This week saw the beginning of Lent, which is described as follows:
“Lent is the Christian observance of the liturgical year from Ash Wednesday to Easter Sunday.”
Traditionally, during the time of Lent those who observe it either do something consistently or give up something that they know is detrimental to them – or is a habit they;d like to eliminate. Common things include smoking, drinking or eating junk food.
But we;re in the 21st century now, and perhaps it’s time we look at a few of the things that in today’s day and age you could give up for Lent that would make an impact.
1. Social Media
This is a biggie.
What if you quit tweeting during Lent? Imagine steering clear of Facebook for that long of a spell? Maybe you should stop checking in on Foursquare instead?
These may seem like tall orders, but not too long ago these things didnt even exist. Think about how much you’d get done – and be able to do – if you only paid attention to social media when it was absolutely required, like at your place of work.
One thing you could look at doing is only tweeting the writing you do on your website during Lent. After all, there are plugins or services that will do that for you.
Giving up social media for Lent seems huge, but think of the value you’ll get by engaging people by other means for a substantial time period rather than via status updates and retweets. It’s worth exploring.
2. Mobile Gadgets
We all love our gadgets. Whether it starts with an “i” or not, they keep us connected to a world that’d be tougher to reach without them.
Why not take this time of year to set them aside and keep things on your laptop or desktop computer and not take them with you everywhere you go? If that’s not possible, restrict yourself to only the necessary times and applications on the mobile devices you own.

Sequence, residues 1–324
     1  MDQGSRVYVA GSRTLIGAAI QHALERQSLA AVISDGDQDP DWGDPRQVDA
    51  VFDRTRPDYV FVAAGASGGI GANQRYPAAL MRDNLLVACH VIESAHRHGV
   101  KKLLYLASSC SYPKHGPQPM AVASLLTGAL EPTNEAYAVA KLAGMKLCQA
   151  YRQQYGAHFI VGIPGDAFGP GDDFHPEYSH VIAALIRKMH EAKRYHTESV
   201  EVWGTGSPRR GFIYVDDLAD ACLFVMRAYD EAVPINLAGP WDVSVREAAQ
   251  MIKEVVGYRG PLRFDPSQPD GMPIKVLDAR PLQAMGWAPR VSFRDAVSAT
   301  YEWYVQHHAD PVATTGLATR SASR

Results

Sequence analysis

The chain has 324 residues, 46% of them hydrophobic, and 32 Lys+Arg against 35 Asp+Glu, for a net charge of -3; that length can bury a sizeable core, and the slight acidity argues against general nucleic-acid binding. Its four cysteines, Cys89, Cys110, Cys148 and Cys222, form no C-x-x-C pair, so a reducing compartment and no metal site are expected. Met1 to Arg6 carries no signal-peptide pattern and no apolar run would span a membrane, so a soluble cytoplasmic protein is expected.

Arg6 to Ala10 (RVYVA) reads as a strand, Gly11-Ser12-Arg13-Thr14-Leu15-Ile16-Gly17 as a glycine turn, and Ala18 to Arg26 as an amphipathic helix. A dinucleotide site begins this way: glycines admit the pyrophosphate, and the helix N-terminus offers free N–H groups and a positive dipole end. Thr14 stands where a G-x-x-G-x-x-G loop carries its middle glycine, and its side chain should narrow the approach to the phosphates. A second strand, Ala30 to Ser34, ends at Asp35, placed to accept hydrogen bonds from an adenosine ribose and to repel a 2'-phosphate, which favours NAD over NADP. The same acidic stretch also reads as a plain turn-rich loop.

Not using these devices during Lent may seem difficult – if not impossible – but that’s all the more reason to make an effort to do so, isn’t it?
Wouldn’t it be great to not have to deal with email during this time of year? Think about the freedom you’d have of not wondering when the next one was going to arrive.
Again, quitting email for Lent may not be a luxury you can afford if your job relies on it as a means of communication. But what if you gave up personal email? Adjusted the times when you’ll check it?
There are tools out there (AwayFind, for example) that can help you do this, and even Gmail has an autoresponder that may be usually reserved for vacation time. If you look at this as a “vacation from email”, then using the autoresponder built into Gmail is an easy thing to do.
And you wouldn’t concern yourself with getting to Inbox Zero every day, either.
These are just three of the modern conveniences (or tetherings) we have that you could give up if you observe Lent. In fact, they may be tougher to stay away from than the old stand-by vices I mentioned off the top.
If you’re observing Lent, what are you giving up (or focusing on doing) and why? Let us know in the comments below.
(Photo credit: Conceptual Image of Faith via Shutterstock)